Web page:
Dear Writer - Let’s go camping

Over the next few weeks, I plan to share a series of letters written to a writer. Or perhaps more accurately, written to anyone following their calling. Which is all of us. When this letter finds you, know it's for you. My prayer is that it encourages and inspires you, and reminds you that the work you are doing is good and holy. 

Dear Writer,

We went camping. The kind of camping that involves a camper complete with bathroom and running water. But before I tell you about the actual camping trip, I need to share about everything we did to get ready for camping. Did you know it’s a lot of work to go camping?

There’s the list-making, the meal planning, the shopping, and preparing of the food, the packing of everything you think you would need for cooking, sleeping, eating, and living outside for a few days. Inevitably, there’s always something (you know like toothbrushes or swimsuits) that get left back at home and frequently it’s too late to turn around once you’ve realized what’s missing.

I watched my husband pack the truck and the camper, and before we even left our driveway he was sweating! Throughout the loading process the kids were jumping up and down, asking, “Are we ready yet?” and running up and down the length of the camper. Stephen checked his list one final time, looked to see that the camper was attached properly, and locked the doors. Finally - after what seemed like days of preparation and planning, we were ready to leave.

Besides the lack of toothbrushes for the kids and the need to improvise a swimsuit for my husband, the work that was done before we left was needed. It allowed us the ability to rest and relax while we were camping. I think that’s an important reminder for writing and following our callings, too, don’t you think?

There’s a lot of prep work that goes into our work, and sometimes it may feel like we’re not getting anywhere because everything we’re doing seems to be in preparation for the “thing” we need to be doing. There may be a lot of unseen work that causes us to wonder if any of it is worthwhile. But the “thing” is the preparation - it's the thinking and dreaming and planning for what is to come. It’s the time spent rolling up our sleeves and laying out where we’re going. So that when it’s time to do the work (or play) we’re ready and have (almost) everything we need to do the work that’s calling us.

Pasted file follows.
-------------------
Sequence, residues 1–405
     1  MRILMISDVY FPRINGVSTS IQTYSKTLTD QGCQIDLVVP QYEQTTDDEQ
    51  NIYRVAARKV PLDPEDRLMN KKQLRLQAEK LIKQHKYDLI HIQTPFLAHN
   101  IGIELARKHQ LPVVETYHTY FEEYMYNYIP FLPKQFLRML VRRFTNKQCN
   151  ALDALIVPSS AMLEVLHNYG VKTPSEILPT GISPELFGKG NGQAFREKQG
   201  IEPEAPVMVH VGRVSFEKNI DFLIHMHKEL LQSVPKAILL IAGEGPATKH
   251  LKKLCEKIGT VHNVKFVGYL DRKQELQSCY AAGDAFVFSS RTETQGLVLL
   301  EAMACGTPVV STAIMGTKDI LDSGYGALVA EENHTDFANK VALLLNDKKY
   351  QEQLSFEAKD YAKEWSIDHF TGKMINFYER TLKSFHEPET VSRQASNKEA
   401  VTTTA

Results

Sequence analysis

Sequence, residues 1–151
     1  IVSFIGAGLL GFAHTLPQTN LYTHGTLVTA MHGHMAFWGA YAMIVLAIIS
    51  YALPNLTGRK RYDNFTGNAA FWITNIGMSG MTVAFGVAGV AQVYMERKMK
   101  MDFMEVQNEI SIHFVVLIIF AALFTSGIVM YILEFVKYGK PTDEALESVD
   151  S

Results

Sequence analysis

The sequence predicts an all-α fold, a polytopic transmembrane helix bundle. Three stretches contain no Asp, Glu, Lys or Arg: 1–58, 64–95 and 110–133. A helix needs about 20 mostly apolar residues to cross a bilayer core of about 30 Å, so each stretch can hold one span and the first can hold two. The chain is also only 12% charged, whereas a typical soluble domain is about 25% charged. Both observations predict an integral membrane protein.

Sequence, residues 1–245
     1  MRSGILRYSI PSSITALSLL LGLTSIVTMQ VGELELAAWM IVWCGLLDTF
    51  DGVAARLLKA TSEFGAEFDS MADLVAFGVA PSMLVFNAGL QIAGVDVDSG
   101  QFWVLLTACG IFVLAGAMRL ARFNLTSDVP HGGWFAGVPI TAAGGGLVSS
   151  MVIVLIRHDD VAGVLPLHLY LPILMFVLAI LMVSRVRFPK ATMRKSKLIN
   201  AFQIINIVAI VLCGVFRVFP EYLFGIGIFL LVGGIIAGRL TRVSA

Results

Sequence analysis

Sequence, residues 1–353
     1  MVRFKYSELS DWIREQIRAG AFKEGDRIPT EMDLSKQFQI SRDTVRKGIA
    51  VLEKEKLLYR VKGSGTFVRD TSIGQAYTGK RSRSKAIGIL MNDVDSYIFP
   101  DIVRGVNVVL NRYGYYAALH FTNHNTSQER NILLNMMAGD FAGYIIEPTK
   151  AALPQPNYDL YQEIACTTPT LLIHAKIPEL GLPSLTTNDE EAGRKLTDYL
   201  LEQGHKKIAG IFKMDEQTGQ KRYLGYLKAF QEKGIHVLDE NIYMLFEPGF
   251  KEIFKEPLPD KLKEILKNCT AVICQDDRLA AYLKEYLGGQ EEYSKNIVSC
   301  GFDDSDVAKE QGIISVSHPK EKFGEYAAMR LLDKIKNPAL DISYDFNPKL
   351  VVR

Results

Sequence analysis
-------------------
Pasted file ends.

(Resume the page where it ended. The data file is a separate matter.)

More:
At the campsite with two small children there’s not a lot of time spent on one activity. They want to go for a walk around the campsite and then throw some rocks in the water. They’ll see a trail and want to follow it until they’re hungry and ready for a snack. They want to help light the fire and set the picnic table, but then see their ball and start playing catch. It’s no wonder we’re all tired by 11 am in the morning. Yet, when I look back on our days camping I see scenes of small adventures that make for a full day. It’s the small things that really are the big things. I need to remind myself of this when I sit down to write (or scribble a note on a receipt) and only manage to get a few sentences written. If I look back after a week’s worth of writing, those small scrap pieces make for a lot of words.

We went to the beach and let the sand squish between our toes. Swimming on our backs we watched the hawks soar through the sky. Each time a boat passed we laughed as the waves rushed to us. My son, Isaac, wanted to make a sand castle. He put the sand in his bucket scoop after scoop. When the bucket was filled to the brim he flipped it over with the help of his daddy and wide-eyed watched the sand crumble to the ground. Without wasting any time he picked up his bucket and shovel again and kept building. I can’t begin to know all the things that keep you (and I) from doing the work we’re called to do, but I do know that we’re stronger when we keep doing the work put in front of us - even if it seems to be falling apart before our eyes.

Finally, one of the best parts of camping (besides the s'mores!) would be when the kids are sound asleep (finally) and the only sounds come from the insects and lapping waves. It’s these moments that offer the chance to marvel at creation in the beauty of the darkness lit by a vast array of stars. Relaxing back in a camp chair, I take a deep breath and say a prayer of thanks - God, you have written me into being, now help me to write my stories into the fabric of the universe. Amen.